The official appraisal values of travel time savings (VTTS) for non-work trips in UK were estimated by basic discrete choice model on stated choice data collected over 20 years ago. This choice model developed by Bates and Whalen (2001) was specified to address some long-standing issues in the field of VTTS valuation including the sign and size of VTTS while allowing continuous interactions between VTTS and journey covariates. With respect to the size issue, it was found that a “tapering” function, whereby time changes are increasingly discounted, could best explain the lower unit utility observed for small time savings (STS). While this set of non-work VTTS is still being used for transport appraisal in UK, the field of discrete choice modelling has evolved significantly brought by a leap of computing power and improved simulation techniques. Notably, advanced model such as mixed multinomial logit (MMNL) has been widely used to facilitate more realistic travel behavioural modelling by explaining random taste heterogeneity across respondents, which cannot be achieved in a deterministic manner. Also, techniques in specifying such model for VTTS valuation are well established by researchers nowadays. The key objective of this research was then to apply the MMNL model and re-estimate the current UK VTTS within a random coefficient logit framework. Alongside the theoretical discussions, this paper presents a synthesis of empirical evidence to support an updated appraisal value for non-work travel time savings in UK. Some key findings from this paper include a much higher mean value for the VTTS and the significantly reduced “perception effect” for the STS. In particular, this research found that MMNL model substantially reduces the “tapering” parameter of the discounting function for STS such that the “perception effect” of the VTTS becomes minimal. This finding suggests that travel benefits due to STS should be included for transport appraisal and it challenges some appraisal frameworks for countries like Germany where VTTS are discounted or even completely ignored for STS.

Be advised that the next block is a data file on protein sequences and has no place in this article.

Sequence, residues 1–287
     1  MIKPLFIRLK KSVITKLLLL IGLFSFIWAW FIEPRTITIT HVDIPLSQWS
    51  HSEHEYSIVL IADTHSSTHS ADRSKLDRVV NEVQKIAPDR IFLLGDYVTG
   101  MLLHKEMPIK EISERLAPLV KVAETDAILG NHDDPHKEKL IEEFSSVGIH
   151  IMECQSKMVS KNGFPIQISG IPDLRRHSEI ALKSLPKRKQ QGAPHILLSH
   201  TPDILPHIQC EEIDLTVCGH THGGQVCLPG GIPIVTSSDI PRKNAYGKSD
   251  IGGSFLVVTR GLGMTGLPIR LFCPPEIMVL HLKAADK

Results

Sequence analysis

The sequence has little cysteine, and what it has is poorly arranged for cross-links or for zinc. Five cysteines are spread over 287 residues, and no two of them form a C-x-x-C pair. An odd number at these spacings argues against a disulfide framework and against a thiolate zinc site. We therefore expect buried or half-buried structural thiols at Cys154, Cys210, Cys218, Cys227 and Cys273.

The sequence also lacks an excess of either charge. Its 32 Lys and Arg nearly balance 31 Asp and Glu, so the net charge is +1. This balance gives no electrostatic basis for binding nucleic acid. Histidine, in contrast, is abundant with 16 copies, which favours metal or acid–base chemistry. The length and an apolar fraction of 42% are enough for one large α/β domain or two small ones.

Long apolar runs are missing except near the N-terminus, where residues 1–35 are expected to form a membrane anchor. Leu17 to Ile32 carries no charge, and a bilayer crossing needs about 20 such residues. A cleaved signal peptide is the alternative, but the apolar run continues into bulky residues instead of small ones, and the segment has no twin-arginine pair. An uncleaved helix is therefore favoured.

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Residential broadband subscription demand: an econometric analysis of Australian choice experiment data